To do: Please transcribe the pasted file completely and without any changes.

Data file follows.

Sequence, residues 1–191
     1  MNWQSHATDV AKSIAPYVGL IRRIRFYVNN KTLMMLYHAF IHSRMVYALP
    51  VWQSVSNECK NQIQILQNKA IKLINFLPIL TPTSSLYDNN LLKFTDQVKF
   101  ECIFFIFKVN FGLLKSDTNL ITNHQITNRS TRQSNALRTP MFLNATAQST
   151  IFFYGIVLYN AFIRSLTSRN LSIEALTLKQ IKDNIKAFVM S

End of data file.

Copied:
Sequence, residues 1–191
     1  MNWQSHATDV AKSIAPYVGL IRRIRFYVNN KTLMMLYHAF IHSRMVYALP
    51  VWQSVSNECK NQIQILQNKA IKLINFLPIL TPTSSLYDNN LLKFTDQVKF
   101  ECIFFIFKVN FGLLKSDTNL ITNHQITNRS TRQSNALRTP MFLNATAQST
   151  IFFYGIVLYN AFIRSLTSRN LSIEALTLKQ IKDNIKAFVM S